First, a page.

How do elections usually affect the stock market?

Man wearing face mask at New York Stock Exchange, holding tablet

While it’s impossible to predict exactly what will happen next in the financial markets, experts see a few common trends with elections.

"S&P 500 volatility has typically been higher in election years than in nonelection years, as markets frequently reprice the probability of the future administration’s policies," the JPMorgan Market Insights team wrote earlier this year.

As for the outcome, markets tend to react more positively in the immediate aftermath of a Republican win, because the party’s policies are considered more market friendly.

“This is by no means a strong rule of thumb… Other significant geopolitical and economic events may carry more influence over the market’s direction," the JPMorgan team added.

In general, a change in control at the White House has more impact than which party ultimately wins the election. Analysts from U.S. Bank found that stock market gains averaged 6.5% when a president was re-elected or if one party kept control of the White House. Gains averaged just 5% when a new party came into power.

What does Joe Biden's victory mean for the market?

Joe Biden at presidential debate talking into microphone holding his face mask in his hand

"President-elect Joe Biden will deliver a boost to global stock markets and the U.S. and world economy," says Nigel Green, chief executive of the financial advisory firm deVere Group.

Green says markets will like the "renewed certainty and stability" that he says a Biden White House will bring. And he says it's better for investors if the government remains divided, with the U.S. Senate staying in Republican control, because that would lessen the risk of regulation or higher taxes.

Four Senate races still have not been called, including two in Georgia that will go to runoffs in January.

But even a "blue wave" — with Democrats taking the White House and both houses of Congress — was likely to produce just a neutral market reaction, JPMorgan suggested. Biden’s plan to increase spending in areas including infrastructure and health care would have partially counterbalanced the negative effects of any corporate tax increase.

Still, under a Biden presidency experts at Fidelity Investments expect to see greater regulation that will hinder a number of sectors, including health care, financial services and big tech.

But a potential warming of U.S.-China relations could positively impact stocks. A Biden White House could mean less reliance on tariffs as a negotiation tool and could result in trade growth, according to the analysts.

How should you prepare?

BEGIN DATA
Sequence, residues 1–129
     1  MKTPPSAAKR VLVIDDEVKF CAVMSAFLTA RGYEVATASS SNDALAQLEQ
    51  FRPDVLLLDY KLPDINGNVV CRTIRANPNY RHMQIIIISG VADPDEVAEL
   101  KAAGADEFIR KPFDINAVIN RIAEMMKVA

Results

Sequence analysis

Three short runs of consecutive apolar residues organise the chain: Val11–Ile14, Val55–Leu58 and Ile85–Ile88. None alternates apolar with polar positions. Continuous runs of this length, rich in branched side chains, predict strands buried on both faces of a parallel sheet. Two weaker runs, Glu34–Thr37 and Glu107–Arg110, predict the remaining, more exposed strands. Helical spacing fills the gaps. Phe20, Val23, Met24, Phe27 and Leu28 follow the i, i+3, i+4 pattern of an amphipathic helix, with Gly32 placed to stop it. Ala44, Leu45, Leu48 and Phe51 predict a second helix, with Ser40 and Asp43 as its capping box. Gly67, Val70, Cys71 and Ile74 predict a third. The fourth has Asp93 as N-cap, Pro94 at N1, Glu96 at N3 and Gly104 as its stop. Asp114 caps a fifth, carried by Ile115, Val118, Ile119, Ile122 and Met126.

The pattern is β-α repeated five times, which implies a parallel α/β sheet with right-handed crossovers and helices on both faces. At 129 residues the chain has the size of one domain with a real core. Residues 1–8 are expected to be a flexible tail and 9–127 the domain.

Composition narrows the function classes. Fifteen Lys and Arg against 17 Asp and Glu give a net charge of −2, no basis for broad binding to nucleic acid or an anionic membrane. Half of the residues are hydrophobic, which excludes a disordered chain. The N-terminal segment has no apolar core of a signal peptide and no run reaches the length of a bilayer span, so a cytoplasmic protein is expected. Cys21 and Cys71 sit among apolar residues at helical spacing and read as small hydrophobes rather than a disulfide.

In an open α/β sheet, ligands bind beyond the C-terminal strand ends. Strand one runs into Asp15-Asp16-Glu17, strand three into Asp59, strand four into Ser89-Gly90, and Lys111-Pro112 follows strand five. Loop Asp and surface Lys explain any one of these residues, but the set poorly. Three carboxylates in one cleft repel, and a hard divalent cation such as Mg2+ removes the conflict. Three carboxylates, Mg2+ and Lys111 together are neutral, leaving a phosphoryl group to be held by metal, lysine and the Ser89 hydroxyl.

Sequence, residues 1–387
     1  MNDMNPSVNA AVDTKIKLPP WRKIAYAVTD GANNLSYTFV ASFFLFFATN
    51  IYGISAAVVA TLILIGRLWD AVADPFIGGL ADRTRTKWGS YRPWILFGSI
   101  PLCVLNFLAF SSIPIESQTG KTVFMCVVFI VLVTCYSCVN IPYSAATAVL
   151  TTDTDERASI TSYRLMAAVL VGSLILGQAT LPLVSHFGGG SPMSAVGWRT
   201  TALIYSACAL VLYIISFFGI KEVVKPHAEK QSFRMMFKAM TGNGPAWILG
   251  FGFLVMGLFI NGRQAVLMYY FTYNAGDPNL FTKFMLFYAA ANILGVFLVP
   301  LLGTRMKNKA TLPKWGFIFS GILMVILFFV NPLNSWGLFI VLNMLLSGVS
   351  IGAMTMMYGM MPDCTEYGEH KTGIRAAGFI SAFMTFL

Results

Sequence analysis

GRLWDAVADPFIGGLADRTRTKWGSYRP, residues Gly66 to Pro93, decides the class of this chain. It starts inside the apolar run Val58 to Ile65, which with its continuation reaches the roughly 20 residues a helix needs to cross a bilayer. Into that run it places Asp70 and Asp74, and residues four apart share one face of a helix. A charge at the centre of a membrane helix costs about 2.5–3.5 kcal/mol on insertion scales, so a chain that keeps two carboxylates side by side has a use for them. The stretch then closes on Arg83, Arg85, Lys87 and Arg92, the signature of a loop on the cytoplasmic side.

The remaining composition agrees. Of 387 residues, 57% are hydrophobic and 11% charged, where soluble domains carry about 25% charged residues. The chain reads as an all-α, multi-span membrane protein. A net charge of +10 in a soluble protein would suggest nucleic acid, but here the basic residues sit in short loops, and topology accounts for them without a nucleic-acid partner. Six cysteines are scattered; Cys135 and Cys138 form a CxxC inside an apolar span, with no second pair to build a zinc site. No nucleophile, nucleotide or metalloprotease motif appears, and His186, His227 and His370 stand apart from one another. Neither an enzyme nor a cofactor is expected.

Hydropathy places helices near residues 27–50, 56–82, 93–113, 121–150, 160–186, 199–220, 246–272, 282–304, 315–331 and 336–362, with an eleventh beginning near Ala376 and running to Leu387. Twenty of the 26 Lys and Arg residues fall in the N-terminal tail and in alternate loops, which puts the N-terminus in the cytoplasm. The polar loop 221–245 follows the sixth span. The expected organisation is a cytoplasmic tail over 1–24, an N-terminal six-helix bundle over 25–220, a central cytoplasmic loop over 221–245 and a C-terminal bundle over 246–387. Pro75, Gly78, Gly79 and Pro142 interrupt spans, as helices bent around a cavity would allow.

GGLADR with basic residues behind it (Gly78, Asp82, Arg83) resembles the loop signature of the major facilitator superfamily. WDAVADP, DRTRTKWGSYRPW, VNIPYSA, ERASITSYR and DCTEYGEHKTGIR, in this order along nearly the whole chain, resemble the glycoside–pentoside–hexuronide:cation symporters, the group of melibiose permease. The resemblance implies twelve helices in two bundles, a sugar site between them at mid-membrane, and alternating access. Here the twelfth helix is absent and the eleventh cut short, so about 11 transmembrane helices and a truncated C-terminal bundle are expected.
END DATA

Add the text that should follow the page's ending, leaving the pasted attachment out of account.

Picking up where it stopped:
Businessman using smartphone and holding paper cup ina urban scene. Worried businessman walking on the road and messaging with phone.
Rido / Shutterstock

Given the ongoing pandemic and the especially polarizing nature of this election, it's possible the markets will stay volatile, says Dirk Hofschire, Fidelity Investments' senior vice president of asset allocation.

"A messy or prolonged aftermath could extend that volatility into December and maybe even January," he adds. President Donald Trump hasn't conceded and is pressing ahead with legal challenges against the vote results.

If you’re unsure how to manage your investments in an unstable market, now would be a good time to consider using a robo-advisor. The sophisticated software will automatically adjust to any dramatic changes in the next few months.

On the other hand, if you’re just looking to build wealth for retirement, there’s no need to panic over volatility in an election year, says Tom Hainlin, national investment strategist at U.S. Bank.

“With presidential elections, you need to make sure to have all the components of a diversified portfolio in place, and then stick to a longer-term strategy that’s designed for more than one election cycle,” Hainlin says.

A robo-advisor will build a balanced portfolio for you — but if you’re going it alone, another option is to use a popular investing app. You’ll be able to make all the necessary trades without paying a dime in commission, and you can even buy fractions of expensive tech stocks to finesse your portfolio.

About the Author

Ethan Rotberg

Ethan Rotberg


Ethan Rotberg is a staff reporter at MoneyWise. His background includes nearly 15 years as a writer, editor, designer and communications professional. He loves storytelling, from feature writing to narrative podcasts. His work has appeared in the Toronto Star, CPA Canada and Metro, among others.

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